Recent headlines have put the issue of pornography more visibly in the public square.
The Church, of course, has always been clear that pornography and its related sins (masturbation, infidelity, money laundering, human trafficking, etc.) is gravely wrong. Not only does it demean the women (and men, and, horribly, children) who are the “porn stars,” it also wreaks havoc on the souls (and minds and bodies) of those who use pornography.
Increasingly, however, secular voices are taking up the same position.
Why is this happening, and why now?
According to former Florida Rep. Ross Spano, R-Dover, “As porn becomes more prolific and mainstream, our society becomes more and more desensitized to violence. This can also be linked to increased degradation of women and a rise in sexual violence, including sex trafficking, abuse of minors, human trafficking, domestic violence and more violent relationships. Children are being exposed to this ‘new normal,’ which can often lead to violence later in life.”
The Florida House made its declaration against porn in February, supported by research Spano presented to its Health and Human Services Committee in January.
“We have to start the discussion,” Spano told the Register.
This same desire to start the “discussion” is at the heart of the organization that presented a seminar to the Kansas City Royals baseball club.
Fight the New Drug was started in 2009 by a group of college students who “saw a need for conversation around this topic — especially among youth growing up in the digital age,” explained Natale McAneney, the group’s executive director.
She said the group’s presentation to the Royals was similar to any other presentation the staff gives for any other organization, such as schools or parent groups.
“As an organization, our goal is to educate and raise awareness about the harmful effects of pornography using science, facts and personal accounts,” McAneney said. “We typically approach this topic from the angle of how pornography can harm individuals (brain), relationships (heart) and society (world).”
McAneney pointed out the growing body of research showing that porn is a real problem.
“Although some individuals can be at greater risks to struggle with habits like pornography than others, due to their circumstances, the harmful effects of pornography do not discriminate based on diversifying factors,” she warned. “They can impact anyone.”
Fight the New Drug wants to help people make “educated and informed” decisions on porn, pointing them to what she described as “a vast amount of research proving that pornography can be addictive — although it’s important to note that not all individuals who struggle with pornography are addicts — and that it can impact relationships in a number of ways. Pornography also fuels the demand for sex-trafficking.”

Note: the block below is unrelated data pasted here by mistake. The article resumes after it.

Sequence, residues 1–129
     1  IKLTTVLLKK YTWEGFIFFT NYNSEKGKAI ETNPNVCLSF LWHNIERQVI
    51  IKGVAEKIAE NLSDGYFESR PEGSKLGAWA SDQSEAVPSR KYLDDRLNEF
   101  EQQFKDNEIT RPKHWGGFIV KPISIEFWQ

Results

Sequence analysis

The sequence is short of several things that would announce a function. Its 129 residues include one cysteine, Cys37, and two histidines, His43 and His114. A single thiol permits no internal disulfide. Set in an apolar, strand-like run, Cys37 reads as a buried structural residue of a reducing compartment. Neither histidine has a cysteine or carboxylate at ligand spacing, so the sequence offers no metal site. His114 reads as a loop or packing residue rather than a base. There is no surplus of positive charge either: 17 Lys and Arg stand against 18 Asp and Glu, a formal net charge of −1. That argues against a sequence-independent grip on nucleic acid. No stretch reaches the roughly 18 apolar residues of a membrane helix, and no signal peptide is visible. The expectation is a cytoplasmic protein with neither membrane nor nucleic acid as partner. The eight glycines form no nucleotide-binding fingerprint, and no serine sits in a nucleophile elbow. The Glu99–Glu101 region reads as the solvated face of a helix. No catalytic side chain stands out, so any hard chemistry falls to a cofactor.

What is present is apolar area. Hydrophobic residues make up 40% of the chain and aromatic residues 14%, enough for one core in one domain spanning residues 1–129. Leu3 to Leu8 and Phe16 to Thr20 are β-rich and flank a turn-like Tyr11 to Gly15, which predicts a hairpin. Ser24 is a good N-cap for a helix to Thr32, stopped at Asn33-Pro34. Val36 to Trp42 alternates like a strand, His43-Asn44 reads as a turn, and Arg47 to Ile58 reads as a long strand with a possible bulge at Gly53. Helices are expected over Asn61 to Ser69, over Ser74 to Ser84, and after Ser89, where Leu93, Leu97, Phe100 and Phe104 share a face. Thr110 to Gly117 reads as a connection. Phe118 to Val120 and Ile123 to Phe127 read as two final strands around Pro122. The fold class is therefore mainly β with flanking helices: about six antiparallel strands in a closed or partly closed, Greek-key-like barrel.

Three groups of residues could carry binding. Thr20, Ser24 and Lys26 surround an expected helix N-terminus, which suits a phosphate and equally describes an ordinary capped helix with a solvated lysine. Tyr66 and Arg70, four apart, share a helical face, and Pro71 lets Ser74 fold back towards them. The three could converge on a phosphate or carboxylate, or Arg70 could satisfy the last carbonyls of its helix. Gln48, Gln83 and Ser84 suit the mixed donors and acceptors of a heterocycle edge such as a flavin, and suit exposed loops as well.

For someone who works against pornography from within the Christian context, none of this is surprising.
Amanda Zurface, the Catholic campaign coordinator for Covenant Eyes, an accountability software company, said it boils down to this: “We live in an oversexualized culture. The focus is frequently pleasure. When pleasure is threatened or impeded for whatever reason, this gets people’s attention.”
And pornography, she explained, ultimately, is a threat to pleasure.
“The secular world hasn’t necessarily woken up to the topic of porn because they’ve all of a sudden formed a conscience and are finding pornography morally objectionable. Rather, many have started to realize that while porn is pleasurable, it can and does harm the greater pleasure that can come with ‘real sex.’”
Zurface noted how frequent viewing of pornography, especially internet pornography, overstimulates and desensitizes the user’s brain to what typically would be sexually arousing experiences, sometimes to the point of impairing a person’s physical capacity to engage in sexual relations with a partner.
The Church’s Vision
The Church’s fuller vision of human sexuality — articulated in the Catechism of the Catholic Church’s discussion of the Sixth Commandment — explains how the human person is a soul-body unity, and what is bad for the soul can’t be good for the body.
That’s why the secular opposition to porn will still be faced with inherent contradictions.
For example, Zurface noted how the #MeToo movement was “started by the secular culture to draw attention to sexual harassment and abuse.”
“The connection that hasn’t been made by the movement is that this abuse is fueled by porn,” she said. “Society needs to understand that you can’t have millions of men watching women getting abused and enjoying it in porn videos suddenly develop respect for women. It doesn’t work like that.”
Thus, while Zurface recognizes the benefits of “public support” for the morally correct position, she notes the increased need in Christian ministry that arises along with increased anti-porn support in the public sphere.
“Thanks to the secular culture, the topic is capturing people’s attention, and we have an opportunity to call on individuals, marriages and families to actually think about the negative consequences of porn for maybe the first time,” she said, adding that the Church might also be able to benefit from the support groups and therapists being trained on this topic.
“However, at the end of the day,” she warned, “the Church and secular society agree that pornography is harmful for different reasons.”
“If we don’t approach the issue of porn by explaining how it contradicts the vocation of man and woman to love, we won’t ultimately heal this wound,” she said. “We may overcome some of the effects of porn, but not the root of it all — society’s inability to really live true love.”
Register correspondent Kathleen Naab writes from Texas.